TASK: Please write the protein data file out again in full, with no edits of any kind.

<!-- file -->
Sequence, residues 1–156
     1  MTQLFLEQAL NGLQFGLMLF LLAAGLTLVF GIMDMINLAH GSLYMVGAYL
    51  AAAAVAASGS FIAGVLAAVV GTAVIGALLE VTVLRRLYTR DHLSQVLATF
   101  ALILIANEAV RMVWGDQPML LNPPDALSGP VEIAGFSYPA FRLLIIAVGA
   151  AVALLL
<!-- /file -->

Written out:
Sequence, residues 1–156
     1  MTQLFLEQAL NGLQFGLMLF LLAAGLTLVF GIMDMINLAH GSLYMVGAYL
    51  AAAAVAASGS FIAGVLAAVV GTAVIGALLE VTVLRRLYTR DHLSQVLATF
   101  ALILIANEAV RMVWGDQPML LNPPDALSGP VEIAGFSYPA FRLLIIAVGA
   151  AVALLL